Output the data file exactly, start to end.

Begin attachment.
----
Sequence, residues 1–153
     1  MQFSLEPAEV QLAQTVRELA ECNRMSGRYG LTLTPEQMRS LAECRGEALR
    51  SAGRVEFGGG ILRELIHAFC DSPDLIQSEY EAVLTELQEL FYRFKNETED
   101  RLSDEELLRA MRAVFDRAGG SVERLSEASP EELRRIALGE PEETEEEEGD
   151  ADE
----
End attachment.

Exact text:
Sequence, residues 1–153
     1  MQFSLEPAEV QLAQTVRELA ECNRMSGRYG LTLTPEQMRS LAECRGEALR
    51  SAGRVEFGGG ILRELIHAFC DSPDLIQSEY EAVLTELQEL FYRFKNETED
   101  RLSDEELLRA MRAVFDRAGG SVERLSEASP EELRRIALGE PEETEEEEGD
   151  ADE